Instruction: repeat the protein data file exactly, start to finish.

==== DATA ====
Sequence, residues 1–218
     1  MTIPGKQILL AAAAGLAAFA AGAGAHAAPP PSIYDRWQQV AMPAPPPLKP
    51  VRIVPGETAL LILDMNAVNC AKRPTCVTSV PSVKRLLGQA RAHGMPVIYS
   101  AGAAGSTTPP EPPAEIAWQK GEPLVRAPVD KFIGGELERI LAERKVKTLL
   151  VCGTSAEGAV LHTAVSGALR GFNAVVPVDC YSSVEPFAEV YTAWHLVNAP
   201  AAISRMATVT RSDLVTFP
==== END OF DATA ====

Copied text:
Sequence, residues 1–218
     1  MTIPGKQILL AAAAGLAAFA AGAGAHAAPP PSIYDRWQQV AMPAPPPLKP
    51  VRIVPGETAL LILDMNAVNC AKRPTCVTSV PSVKRLLGQA RAHGMPVIYS
   101  AGAAGSTTPP EPPAEIAWQK GEPLVRAPVD KFIGGELERI LAERKVKTLL
   151  VCGTSAEGAV LHTAVSGALR GFNAVVPVDC YSSVEPFAEV YTAWHLVNAP
   201  AAISRMATVT RSDLVTFP